Tyrion answers with a show of his own. Whether it’s rage or spite, calculation or instinct, he avails himself of the one tool he has available: the ability to refuse Tywin the answer he’s looking for. So no confession, no plea: instead–the same way he saved himself in the Eyrie–he demands a trial by combat. He looks up at Tywin, literally standing above him on the dais, his height advantage magnified, yet though Tyrion is in chains, he does not quite seem powerless. He is a dwarf; in this room he will always be a dwarf; he may soon die a dwarf. But in this moment, he is not dwarfed.

That visual inversion–the low made high, the high low–is mirrored in “The Laws of Gods and Men” by another, opposite inversion earlier in the episode. In Meereen, we see a sequence of throneroom audiences that seem to lay out how well things are going in Daenerys’ new world order, where the humble are exalted and the exalted humbled. She hears a shepherd whose flock her hungry dragon has snacked on and compensates him generously; she hears a noble beg to bury his father’s remains and answers him sternly but mercifully. But then we get a sense of how difficult it is to sit the throne of a strange city whose social order you’ve just toppled: there are 212 more supplicants still waiting.

There’s a gorgeous, long-distance shot of Dany on the throne, physically exalted but looking tiny. She’s never been more powerful, and has never seemed more exhausted. “Send the next one in,” she says.

Now for the hail of arrows:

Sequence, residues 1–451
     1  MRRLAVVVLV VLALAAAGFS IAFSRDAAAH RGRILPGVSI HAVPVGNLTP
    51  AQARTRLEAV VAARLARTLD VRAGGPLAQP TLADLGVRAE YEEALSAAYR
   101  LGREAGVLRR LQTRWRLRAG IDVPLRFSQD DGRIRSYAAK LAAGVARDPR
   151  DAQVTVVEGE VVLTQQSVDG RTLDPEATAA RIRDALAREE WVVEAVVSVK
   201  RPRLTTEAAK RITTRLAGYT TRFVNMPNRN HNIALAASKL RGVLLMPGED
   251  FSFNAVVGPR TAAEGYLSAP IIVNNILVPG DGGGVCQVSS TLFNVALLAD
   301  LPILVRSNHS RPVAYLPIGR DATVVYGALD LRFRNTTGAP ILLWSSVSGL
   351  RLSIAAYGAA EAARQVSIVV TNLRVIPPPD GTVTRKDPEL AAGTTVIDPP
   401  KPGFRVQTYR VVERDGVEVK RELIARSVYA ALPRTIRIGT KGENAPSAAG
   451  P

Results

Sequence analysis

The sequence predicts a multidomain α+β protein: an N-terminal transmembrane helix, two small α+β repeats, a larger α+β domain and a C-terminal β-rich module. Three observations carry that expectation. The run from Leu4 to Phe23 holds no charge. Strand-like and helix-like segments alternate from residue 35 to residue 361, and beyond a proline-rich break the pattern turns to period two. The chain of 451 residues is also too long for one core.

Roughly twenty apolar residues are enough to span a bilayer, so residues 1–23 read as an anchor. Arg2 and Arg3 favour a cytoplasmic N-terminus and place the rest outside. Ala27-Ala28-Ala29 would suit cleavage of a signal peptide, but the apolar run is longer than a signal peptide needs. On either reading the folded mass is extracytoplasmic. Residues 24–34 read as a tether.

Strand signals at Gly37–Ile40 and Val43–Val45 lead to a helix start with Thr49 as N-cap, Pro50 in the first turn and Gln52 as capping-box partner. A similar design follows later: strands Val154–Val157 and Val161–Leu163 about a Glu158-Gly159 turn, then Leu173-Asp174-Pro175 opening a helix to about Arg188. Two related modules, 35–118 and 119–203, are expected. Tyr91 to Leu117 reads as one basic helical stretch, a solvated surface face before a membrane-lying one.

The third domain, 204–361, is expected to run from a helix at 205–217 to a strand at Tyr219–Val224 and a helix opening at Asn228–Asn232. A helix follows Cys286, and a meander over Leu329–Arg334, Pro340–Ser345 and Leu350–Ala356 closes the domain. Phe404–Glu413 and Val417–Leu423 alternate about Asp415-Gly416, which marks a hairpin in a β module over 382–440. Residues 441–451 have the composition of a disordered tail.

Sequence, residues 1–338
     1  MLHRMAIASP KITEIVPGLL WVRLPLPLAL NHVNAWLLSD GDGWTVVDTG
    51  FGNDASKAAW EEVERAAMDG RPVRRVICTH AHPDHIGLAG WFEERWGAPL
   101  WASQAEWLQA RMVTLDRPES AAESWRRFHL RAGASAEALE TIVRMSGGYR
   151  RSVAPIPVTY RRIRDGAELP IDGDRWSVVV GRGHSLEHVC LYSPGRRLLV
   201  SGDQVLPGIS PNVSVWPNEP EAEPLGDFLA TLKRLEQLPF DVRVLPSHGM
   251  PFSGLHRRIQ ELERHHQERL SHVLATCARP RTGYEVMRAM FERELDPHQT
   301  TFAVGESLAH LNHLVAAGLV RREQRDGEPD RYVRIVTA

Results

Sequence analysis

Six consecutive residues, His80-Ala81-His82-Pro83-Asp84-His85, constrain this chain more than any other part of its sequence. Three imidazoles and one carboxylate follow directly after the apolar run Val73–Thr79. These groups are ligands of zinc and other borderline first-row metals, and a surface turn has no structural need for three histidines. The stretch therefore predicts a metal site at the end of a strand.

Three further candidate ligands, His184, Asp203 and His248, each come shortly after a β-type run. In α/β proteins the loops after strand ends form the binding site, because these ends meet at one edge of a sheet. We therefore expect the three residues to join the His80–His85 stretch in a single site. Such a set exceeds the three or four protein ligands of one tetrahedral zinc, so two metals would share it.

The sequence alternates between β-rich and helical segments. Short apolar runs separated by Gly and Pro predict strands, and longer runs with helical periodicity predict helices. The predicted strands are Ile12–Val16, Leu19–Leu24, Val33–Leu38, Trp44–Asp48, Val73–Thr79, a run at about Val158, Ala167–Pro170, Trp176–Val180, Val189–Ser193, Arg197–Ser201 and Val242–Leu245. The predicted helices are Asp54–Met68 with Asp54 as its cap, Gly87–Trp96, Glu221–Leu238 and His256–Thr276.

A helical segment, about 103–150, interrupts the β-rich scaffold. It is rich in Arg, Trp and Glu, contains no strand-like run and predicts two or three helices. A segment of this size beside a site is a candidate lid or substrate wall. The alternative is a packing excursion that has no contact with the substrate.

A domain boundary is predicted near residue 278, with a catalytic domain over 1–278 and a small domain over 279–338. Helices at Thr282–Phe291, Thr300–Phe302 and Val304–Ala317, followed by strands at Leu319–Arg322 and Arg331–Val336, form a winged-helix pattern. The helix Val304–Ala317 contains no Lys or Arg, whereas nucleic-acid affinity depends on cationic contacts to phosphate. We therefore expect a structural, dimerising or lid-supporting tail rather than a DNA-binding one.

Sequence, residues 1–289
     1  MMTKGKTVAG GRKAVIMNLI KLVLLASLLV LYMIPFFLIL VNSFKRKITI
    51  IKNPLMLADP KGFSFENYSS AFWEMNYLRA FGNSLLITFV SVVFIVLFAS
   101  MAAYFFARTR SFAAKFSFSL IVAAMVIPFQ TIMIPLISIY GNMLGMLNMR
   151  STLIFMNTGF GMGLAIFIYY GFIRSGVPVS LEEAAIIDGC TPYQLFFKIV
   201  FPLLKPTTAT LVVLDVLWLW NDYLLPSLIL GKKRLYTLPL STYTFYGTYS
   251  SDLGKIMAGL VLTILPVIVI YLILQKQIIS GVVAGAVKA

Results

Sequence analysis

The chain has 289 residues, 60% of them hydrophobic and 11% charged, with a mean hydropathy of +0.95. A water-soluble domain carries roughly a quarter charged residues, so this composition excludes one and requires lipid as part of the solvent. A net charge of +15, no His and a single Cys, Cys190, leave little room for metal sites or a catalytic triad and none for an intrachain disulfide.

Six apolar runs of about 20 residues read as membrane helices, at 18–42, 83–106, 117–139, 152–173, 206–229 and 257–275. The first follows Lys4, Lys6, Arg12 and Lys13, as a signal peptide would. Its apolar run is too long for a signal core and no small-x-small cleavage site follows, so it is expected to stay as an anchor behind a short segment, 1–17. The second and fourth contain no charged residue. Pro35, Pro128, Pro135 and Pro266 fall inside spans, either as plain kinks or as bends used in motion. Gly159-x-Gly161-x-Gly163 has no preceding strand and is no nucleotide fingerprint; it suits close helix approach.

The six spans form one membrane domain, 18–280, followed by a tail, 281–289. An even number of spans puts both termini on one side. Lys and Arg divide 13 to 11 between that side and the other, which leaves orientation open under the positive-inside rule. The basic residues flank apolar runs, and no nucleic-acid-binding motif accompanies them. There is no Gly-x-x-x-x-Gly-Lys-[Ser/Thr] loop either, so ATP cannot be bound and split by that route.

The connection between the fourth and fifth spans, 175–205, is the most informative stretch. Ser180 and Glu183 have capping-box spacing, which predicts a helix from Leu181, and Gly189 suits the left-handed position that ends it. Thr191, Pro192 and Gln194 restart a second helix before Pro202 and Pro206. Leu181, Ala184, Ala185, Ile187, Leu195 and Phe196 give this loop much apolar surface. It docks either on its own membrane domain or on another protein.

* This was one of those Game of Thrones episodes which was more effective for focusing on a few, sustained sequences: four locations, no jumping around.

* I will admit I’m still scratching my head over the Yara-tries-to-rescue-Theon scene. Ramsay fights armored men shirtless and manages not to get a scratch (well, more scratches than he already had)? Yara and company have at least equal numbers and probably have him outarmed, yet stand still and watch him unlock the dog cages? It’s puzzling, as was the function of the sequence, save to remind us that Yara exists and set up another excruciating Ramsay/Theon scene (which, however, probably would have worked even without the rescue attempt). Remarkable work by Alfie Allen again, but I want him to get something to do besides remind us how broken Theon is.

* I don’t like to discuss the books too much in these posts, because they’re one thing and the series is another, and it needs to work (or not) on its own terms. That said, it’s worth noting that in the books Tyrion–“The Imp”–is portrayed as much less, er, physically handsome; his features are rougher and his face is far more disfigured from battle. In the books this underscores how “monstrous” the world sees him as, as dimension one loses with the easy-on-the-eyes Dinklage.

* Back this week: the Iron Bank (yes!); Salladhor Saan (yes!); gratuitous boob shots (eh).

* I will pretty much be engrossed by a conversation Varys has with anyone, up to and including Ser Pounce, but his back-and-forth with Oberyn about his, er, predilections–or lack thereof–was delightful.

* I was beginning to think none of the opening credits sequences would change from episode to episode this season. So I actually shouted “YES! BRAAVOS!” when I saw the Colossus rising up. I am not ashamed.

* Once again for the book readers: no spoilers in the comments regarding events on the page that have not yet transpired on screen. But you knew that already, right?